Trust is a currency that can’t be bought or sold but it can be earned, loaned and squandered
Why does money have value?
It’s not because there’s gold “backing it up.” That ended long ago.
And sure, it makes bartering more efficient. It’s easier than schlepping eggs to the town commons to train for wool.
But it’s just paper. Or even more likely, today, simply digits.
The only reason money has value is that we say it does. Money is a belief.
* * *
If you ask different professionals what went wrong at Silicon Valley Bank (SVB), you’ll get different answers:
- Bankers will say it was mismanaged risk;
- Wall Street will blame the Fed’s interest rate hikes;
- Politicians will point to the other party;
- Regulators will say too few rules, or poorly enforced rules;
- Clickbait news will say social media; and
- Comms pros will say it was the messaging (here’s a thought-provoking Twitter thread on that idea).
And while reasonable people can disagree about the cause, there’s no debating the effect: Depositors lost faith. They lost confidence. They didn’t trust the bank.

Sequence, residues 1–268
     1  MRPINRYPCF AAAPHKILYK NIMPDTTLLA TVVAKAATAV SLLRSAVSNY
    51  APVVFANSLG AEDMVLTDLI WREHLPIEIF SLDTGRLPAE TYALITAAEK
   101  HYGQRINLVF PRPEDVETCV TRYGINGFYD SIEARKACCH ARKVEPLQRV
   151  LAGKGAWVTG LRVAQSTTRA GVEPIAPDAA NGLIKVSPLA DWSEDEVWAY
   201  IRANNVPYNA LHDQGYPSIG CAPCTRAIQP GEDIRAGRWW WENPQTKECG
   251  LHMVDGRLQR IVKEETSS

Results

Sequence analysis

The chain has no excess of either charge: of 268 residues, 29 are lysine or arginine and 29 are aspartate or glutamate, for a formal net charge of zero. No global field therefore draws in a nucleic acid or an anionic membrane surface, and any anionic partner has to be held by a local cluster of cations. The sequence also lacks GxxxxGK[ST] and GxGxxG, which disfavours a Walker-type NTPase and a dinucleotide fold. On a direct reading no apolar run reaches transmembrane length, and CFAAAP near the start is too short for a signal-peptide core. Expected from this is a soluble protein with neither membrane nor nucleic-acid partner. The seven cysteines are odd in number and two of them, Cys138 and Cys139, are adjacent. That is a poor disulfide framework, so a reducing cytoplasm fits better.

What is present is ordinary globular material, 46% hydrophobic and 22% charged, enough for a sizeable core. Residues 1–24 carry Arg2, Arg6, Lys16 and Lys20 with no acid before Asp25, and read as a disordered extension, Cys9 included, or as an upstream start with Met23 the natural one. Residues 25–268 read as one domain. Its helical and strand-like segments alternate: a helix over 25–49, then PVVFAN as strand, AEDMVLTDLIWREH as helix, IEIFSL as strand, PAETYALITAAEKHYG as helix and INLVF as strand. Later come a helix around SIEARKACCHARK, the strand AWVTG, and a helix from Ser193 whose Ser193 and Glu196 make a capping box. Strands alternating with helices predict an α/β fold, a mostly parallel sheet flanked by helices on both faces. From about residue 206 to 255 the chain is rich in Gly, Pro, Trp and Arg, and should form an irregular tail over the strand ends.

The banking community has some unique dynamics…
- Scar tissue. The financial crisis of 2008-2009 still haunts many of us;
- Frayed nerves. The preceding cryptocurrency meltdown toppled a bank or two and reminded us of the financial ghosts; and
- Uncertainty. No one seems to know, with any degree of confidence, which way the economy is headed.
…and few companies would feel the consequences of lost trust so rapidly as banks, but it’s not entirely dissimilar. We live in a world with plenty of corporate fakes: fake press releases, fake web traffic and even fake job postings.
These are all tools designed to prey on a set of beliefs. Pump and dump releases lead traders to believe there is a financial opportunity. Bot traffic makes readers believe a site has a certain authority. Listing a role for hire — when no such job requisition exists — feeds the belief a company is growing.
Trust isn’t less than veracity, but it’s also something more. It’s about giving people a reason to believe.
* * *
If the economy is a system built on belief, then trust is a form of currency that you can’t buy or sell. But you can earn it and loan it out. And it’s easy to squander.
Comms pros are in a position to protect that currency.
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Image credit: DALL-E “diverse business people performing a trust fall in the style of Van Ghoh”